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January 29, 2018

Diana Cebreja, a first-year student, and Christian Sanchez, a second-year student, shop for text books at the Bunker Hill Community College bookstore in Boston, MA. January 26, 2018. (Meredith Nierman/WGBH)

College students returning to campus this semester month will shell out a lot of money on textbooks. The College Board estimates students typically spend more than $1,000 each year on their course materials.

Now, a Boston-based publisher wants to make them more affordable by becoming the “Netflix for textbooks.”

This fall, Cengage, America's second-largest textbook publisher, is starting its new subscription service, which will be offered to students at $120 a semester or $180 for the entire year.

"We heard loud and clear that students are saying, 'We like your content, but these prices are insane. I can't afford that,'" said Cengage CEO Michael Hansen.

Five years ago, Cengage declared bankruptcy. Then, last year Hansen said Cengage decided to turn its business model on its head.

"We said, 'Let's look at how people consume media today,'" he said. "And the reality is most people consume media in a shared model, like the Netflix model."

Beginning in August, Cengage will offer students a subscription service, giving them complete access online to all the company's 20,000 textbooks and other materials.

"You can get all that we have and all that you can learn," Hansen said.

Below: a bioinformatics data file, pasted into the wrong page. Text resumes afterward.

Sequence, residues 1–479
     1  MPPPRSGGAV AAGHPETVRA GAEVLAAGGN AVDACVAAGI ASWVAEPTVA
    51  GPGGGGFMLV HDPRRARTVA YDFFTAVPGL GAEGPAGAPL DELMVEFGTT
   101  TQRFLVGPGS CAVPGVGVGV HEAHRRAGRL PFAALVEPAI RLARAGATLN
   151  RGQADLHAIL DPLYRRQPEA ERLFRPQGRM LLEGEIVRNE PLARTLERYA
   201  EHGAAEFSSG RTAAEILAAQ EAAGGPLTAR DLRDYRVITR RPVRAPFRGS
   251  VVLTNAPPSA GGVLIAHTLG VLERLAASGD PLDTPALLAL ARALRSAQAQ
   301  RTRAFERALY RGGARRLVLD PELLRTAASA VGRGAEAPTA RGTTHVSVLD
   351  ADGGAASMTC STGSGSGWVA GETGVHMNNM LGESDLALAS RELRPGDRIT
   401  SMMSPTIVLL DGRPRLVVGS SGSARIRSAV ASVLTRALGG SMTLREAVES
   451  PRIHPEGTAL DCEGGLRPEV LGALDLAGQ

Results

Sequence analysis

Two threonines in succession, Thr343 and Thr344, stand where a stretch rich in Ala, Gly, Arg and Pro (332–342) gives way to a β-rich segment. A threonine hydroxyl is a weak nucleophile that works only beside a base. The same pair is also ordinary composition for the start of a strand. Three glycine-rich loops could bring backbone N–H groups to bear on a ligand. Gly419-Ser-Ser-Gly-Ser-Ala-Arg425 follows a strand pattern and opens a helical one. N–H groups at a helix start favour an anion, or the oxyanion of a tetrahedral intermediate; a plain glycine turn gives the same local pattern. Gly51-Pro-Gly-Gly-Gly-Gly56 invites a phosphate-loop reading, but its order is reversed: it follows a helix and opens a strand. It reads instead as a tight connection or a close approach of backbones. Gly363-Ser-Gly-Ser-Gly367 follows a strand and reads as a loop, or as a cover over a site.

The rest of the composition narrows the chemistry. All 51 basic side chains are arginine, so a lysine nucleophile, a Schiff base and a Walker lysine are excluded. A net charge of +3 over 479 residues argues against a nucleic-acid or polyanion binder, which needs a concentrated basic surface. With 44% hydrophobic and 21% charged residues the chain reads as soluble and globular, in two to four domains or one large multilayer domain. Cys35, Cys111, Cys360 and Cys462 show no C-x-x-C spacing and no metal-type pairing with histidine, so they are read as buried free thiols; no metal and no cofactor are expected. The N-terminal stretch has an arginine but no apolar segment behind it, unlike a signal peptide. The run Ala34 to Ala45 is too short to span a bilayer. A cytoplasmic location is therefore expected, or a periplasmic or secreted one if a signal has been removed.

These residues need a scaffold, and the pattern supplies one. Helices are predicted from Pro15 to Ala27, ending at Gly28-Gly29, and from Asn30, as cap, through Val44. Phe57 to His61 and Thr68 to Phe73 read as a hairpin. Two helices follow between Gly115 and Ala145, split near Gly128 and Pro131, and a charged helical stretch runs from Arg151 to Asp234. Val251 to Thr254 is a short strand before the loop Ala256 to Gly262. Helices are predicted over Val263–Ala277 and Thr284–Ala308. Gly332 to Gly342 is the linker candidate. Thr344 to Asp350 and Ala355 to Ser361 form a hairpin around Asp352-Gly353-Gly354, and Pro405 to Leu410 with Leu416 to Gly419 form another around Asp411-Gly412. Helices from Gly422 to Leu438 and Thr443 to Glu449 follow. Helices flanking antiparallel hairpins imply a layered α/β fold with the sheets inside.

That pitch to price-conscious students comes as the $10 billion college textbook industry is struggling.

Since Cengage went bankrupt, the company and its primary competitor Pearson have gone all in on digital, hoping to recover sales.

"There's just more options for students not to use the required text. They're borrowing it. They're bootlegging it," said Howard Lurie, a principal analyst at the higher education research firm, Eduventures.

Lurie said Cengage's move to digital could possibly save students money.

"This is a great way to lower student costs," he said. "That's a great first step. I think there's a lot of potential, given we're moving to more digital platforms for improving the ability of students to pass through their courses."

Whether the move will save students money, though, is out of the company's hands. Professors ultimately decide which materials are required for their courses. They could include texts published by other companies.

Right now, for example, Pearson, offers some digital texts but not a similar subscription service.

Hansen said initial conversations with professors from various universities and colleges about Cengage’s new model have gone well.

For many students buying books for the upcoming semester, the textbook prices are a financial burden.

At Bunker Hill Community College, fourth-year student Alisa Ruiz has just bought her textbooks for the semester at the campus bookstore.

Even though she works full-time in retail, Ruiz said she can't afford all her textbooks because other living expenses eat up so much of her income.

"Even the books that are rented, they're still expensive, so I think the publishers should look at and consider, 'Well, maybe we should lower the prices, or maybe we should make this available online for a lower price just to make it fair,'" she said.

Ruiz prefers printed copies of books, but she said she sees the advantage of Cengage's digital plan.

"These days, in this era, people are doing everything online, so it's, like, why not try something like that?" she said.

By next fall, Cengage expects more than a million students to sign up for its subscription service. But the company will need buy-in from many more of the country's 20 million college students for its digital gamble pay off.

WGBH's Esteban Bustillos contributed to this story.

Related: A Faster, Cheaper Master's Degree-From MIT To Boot

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